We were taken back by Ipoh as didn’t expect it to be so developed or western but it was quite a nice way to ease ourselves back into ‘urbanisation’ before hitting KL. The main reason for coming to Ipoh was for the white water rafting and whilst there aren't many rapids this time of year it was still ace. You feel kind of hidden in the jungle when your on the rivers that pass through it, no roads, no trails, no people, it’s like you get a little secret view from the inside out.
Simply just listening to the cicadas and birds, amongst the other wildlife was the perfect moment to just ‘be’.
A few hours later we were back in KL, one of the cheapest places in the world for 5-star resorts, so we took full advantage. In fact, we were so tired (had some work to catch up on) and enjoying the comforts that we didn't even leave the hotel. We had a little workout, jumped in the pool overlooking the skyline and relaxed knowing that our flight wasn't until tomorrow morning.
We obviously love these projects and as students, loved the rawness and connection we’d get with the communities by living with and amongst them. We loved the frontline research and data collection (which was part of our Marine Biology studies) and knowing that we were part of something making a difference. Now, we’re not saying that we still don’t love any of this 'stuff' but after a hard day in the forest trekking, hiking, running or getting involved with other cool project work, we don’t mind a slightly nicer bed, maybe a skyline pool, some fluffy towels and nice lounge area to reflect on our trip with a cheeky espresso martini - maybe we’re just getting old.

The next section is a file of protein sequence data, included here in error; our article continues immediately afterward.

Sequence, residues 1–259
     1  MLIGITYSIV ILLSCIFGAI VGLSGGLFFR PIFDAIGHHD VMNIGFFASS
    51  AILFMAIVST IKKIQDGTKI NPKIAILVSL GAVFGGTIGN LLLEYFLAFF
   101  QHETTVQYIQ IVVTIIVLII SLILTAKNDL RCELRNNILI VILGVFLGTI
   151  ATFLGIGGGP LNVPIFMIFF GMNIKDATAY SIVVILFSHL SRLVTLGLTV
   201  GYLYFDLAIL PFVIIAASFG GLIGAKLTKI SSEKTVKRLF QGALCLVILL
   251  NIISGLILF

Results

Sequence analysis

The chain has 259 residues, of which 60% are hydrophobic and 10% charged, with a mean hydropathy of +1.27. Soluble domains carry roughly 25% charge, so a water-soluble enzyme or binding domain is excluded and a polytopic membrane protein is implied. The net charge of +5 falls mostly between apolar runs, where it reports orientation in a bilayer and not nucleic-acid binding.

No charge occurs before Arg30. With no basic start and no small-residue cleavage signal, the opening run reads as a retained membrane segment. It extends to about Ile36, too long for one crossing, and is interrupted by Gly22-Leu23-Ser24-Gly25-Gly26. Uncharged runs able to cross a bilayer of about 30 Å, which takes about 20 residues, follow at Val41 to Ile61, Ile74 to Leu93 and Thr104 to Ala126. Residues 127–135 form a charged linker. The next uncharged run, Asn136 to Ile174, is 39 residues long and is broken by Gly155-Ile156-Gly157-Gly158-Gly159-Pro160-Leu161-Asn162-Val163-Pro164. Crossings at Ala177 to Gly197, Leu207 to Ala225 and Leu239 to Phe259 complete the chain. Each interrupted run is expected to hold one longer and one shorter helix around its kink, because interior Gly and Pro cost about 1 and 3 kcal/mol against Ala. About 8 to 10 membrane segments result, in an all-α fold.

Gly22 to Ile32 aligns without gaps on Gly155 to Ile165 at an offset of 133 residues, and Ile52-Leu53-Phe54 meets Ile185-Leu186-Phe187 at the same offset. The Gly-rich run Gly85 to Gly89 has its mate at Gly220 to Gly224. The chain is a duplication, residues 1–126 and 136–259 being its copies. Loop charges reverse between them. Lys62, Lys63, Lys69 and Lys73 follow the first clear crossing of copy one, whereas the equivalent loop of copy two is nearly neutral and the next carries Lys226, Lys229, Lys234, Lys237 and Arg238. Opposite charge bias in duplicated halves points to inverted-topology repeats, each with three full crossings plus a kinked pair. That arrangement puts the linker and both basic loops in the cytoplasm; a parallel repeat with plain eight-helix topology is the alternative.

Either way, another great trip and incredible location with awesome projects that make a difference and give all an opportunity to get involved. We can’t wait to share this one with everyone.
These blogs are written off the back of our inspection trips. When we hear about a project that we think will be suitable we get the ball in motion and first do our research. After speaking with the various stakeholders, we decide if it’s a programme that meets our criteria and values, and if so, plan an inspection trip. We use this to see as much as possible, not just the project but to get a feel for the logistics, the food, the rustic little markets and back street vendors. The hidden nature spots, the core culture of the community and the people that bring these places to life. We want you to get a real experience of these places and travel whilst understanding the social and environmental impact. Unfortunately, it means that most of them don't even make the starting line because we don’t think they’re good enough. If they do, we then bespoke them for each of the different groups, i.e students, adults or families. The focus will always be conservation and sustainability, with the main difference being just time spent in different parts of the programme, the transport and the accommodation category. The level of learning, engagement, activities and adventure is all up to you so just let us know what you like (or don’t) and we’ll help you design your perfect, life-changing trip built on purpose and impact.